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COVID-19 is now in some ways less threatening to Canadians than ever. Widespread vaccination, prior infections and the introduction of new updated vaccines mean many Canadians have greater immunity against the disease than in previous years. New variants are better able to evade certain parts of the immune response, but they also appear to cause less severe infections.

In other ways, the country is arguably in a more precarious position. The mass departure of burned-out health care workers and staff shortages owing to illness and exhaustion mean there are fewer people to care for the sick and injured. This is happening just as COVID-19 infections, along with other seasonal respiratory illnesses, are expected to make a strong comeback, now that public-health precautions are vanishing. The health effects of repeat infections are not well understood. And fed up with the pandemic, some Canadians have become more reluctant to adopt further measures to curb the spread of disease.

The Globe and Mail spoke with several experts about the top five indicators of how the country will cope with COVID-19 in the coming months.

Hospital capacity

There were 5,070 COVID-19 patients hospitalized in Canada on Oct. 3, more than double the number hospitalized the same time a year ago, according to federal data. Meanwhile, 18,478 COVID-19 cases were reported across the country for the week of Sept. 25 to Oct. 1, up from a slight and short-lived dip in early September. These numbers, however, almost certainly underestimate the true counts.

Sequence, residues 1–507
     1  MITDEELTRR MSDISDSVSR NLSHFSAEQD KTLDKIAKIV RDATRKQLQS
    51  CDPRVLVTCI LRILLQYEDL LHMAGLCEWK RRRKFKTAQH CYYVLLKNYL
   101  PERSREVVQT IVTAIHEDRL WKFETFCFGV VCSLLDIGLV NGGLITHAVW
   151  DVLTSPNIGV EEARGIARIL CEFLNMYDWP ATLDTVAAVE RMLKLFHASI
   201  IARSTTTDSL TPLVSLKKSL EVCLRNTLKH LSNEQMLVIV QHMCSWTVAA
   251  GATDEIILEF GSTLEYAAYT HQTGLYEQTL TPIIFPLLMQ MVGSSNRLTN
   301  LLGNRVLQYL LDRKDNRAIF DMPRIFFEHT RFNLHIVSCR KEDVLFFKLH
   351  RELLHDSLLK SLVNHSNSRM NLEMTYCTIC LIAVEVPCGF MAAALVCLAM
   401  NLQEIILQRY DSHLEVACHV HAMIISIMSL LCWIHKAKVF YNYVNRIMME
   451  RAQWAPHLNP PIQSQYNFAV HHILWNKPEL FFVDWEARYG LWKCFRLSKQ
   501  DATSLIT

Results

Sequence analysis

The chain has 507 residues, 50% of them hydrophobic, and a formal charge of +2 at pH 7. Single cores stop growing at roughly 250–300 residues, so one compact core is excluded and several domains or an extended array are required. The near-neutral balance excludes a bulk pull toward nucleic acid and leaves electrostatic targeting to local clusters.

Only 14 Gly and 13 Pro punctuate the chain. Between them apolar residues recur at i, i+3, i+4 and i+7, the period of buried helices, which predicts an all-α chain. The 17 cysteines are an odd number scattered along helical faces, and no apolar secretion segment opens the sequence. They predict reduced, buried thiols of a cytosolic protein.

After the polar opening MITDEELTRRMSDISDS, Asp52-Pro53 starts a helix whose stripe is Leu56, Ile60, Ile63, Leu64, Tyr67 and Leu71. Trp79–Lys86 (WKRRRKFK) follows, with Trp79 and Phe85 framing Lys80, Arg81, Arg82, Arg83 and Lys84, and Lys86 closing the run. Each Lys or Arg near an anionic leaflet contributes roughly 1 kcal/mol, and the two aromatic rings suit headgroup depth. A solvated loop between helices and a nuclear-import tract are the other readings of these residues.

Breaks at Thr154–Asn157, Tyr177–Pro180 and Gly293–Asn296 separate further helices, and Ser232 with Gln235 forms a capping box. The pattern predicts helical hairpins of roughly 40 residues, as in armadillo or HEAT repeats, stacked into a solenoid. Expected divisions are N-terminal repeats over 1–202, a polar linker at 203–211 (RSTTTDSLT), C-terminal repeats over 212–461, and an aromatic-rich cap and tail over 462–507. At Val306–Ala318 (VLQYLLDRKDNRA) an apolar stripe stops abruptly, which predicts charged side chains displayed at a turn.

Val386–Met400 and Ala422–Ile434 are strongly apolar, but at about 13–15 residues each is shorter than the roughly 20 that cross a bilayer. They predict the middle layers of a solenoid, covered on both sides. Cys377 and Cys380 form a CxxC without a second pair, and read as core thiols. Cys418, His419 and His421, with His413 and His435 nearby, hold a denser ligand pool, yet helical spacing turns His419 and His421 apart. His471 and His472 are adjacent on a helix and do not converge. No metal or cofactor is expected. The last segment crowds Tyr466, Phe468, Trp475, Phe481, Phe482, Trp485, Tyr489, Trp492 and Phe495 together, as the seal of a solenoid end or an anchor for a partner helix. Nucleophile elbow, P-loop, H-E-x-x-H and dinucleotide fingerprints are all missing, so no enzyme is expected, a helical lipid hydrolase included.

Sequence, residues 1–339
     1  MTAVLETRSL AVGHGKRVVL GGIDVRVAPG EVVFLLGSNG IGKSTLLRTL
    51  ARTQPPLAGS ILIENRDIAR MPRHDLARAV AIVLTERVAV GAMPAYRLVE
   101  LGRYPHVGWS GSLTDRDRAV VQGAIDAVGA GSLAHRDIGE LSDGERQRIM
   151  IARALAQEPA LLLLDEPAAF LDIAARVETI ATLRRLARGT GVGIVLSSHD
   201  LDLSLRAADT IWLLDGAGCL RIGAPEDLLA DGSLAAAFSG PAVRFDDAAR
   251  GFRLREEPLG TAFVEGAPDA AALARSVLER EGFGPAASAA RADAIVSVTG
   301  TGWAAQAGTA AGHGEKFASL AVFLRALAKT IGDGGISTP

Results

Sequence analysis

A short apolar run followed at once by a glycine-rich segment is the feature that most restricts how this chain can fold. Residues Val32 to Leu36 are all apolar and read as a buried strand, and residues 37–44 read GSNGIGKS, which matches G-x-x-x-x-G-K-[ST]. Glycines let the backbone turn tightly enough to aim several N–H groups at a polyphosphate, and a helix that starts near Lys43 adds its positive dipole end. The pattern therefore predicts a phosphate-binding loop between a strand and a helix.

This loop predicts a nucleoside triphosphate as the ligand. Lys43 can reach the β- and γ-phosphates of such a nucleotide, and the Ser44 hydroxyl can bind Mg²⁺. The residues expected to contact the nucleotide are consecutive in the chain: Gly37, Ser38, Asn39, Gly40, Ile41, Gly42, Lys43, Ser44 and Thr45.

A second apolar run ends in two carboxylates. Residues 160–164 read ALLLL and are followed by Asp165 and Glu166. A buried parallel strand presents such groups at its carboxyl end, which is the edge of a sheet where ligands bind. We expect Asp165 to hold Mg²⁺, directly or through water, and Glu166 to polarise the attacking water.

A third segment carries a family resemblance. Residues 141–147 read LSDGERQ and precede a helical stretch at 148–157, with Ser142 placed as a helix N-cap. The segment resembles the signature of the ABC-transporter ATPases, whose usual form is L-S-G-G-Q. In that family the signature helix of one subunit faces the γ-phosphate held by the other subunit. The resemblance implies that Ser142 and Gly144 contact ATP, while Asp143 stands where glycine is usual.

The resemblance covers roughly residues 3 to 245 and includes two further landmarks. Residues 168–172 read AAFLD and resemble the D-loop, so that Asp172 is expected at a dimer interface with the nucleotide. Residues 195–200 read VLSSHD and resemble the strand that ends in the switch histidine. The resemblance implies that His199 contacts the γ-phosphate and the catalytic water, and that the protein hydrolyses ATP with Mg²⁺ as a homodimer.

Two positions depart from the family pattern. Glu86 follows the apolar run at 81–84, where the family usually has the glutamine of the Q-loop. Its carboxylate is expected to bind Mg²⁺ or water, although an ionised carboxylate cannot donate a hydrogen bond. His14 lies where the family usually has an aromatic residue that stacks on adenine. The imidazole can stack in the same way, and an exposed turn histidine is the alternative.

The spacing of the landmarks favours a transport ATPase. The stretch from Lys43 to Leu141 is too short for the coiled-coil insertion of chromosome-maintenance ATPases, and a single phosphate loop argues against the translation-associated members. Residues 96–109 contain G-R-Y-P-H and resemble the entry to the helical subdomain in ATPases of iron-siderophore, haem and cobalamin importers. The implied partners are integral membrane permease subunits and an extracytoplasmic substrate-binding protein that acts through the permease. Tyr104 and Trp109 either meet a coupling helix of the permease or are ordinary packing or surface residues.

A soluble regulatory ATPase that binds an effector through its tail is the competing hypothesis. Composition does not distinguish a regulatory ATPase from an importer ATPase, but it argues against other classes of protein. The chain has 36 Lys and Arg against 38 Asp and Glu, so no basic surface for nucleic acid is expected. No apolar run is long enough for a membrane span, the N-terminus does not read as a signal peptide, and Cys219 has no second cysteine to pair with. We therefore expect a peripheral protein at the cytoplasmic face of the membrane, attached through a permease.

A lack of PCR testing makes it difficult to get a clear picture of what the COVID-19 situation is like now, never mind what the rest of the fall and winter may hold, said Noel Gibney, a professor emeritus in the department of critical care medicine at the University of Alberta. But Canadian health professionals tend to keep a close eye on how influenza seasons play out during the southern hemisphere’s earlier winter to help predict what’s coming here. And this year, Australia simultaneously experienced a surge in COVID-19 and the worst influenza season in five years, according to news reports. If the same happens in Canada, “our hospitals are going to be under significant strain,” Dr. Gibney said.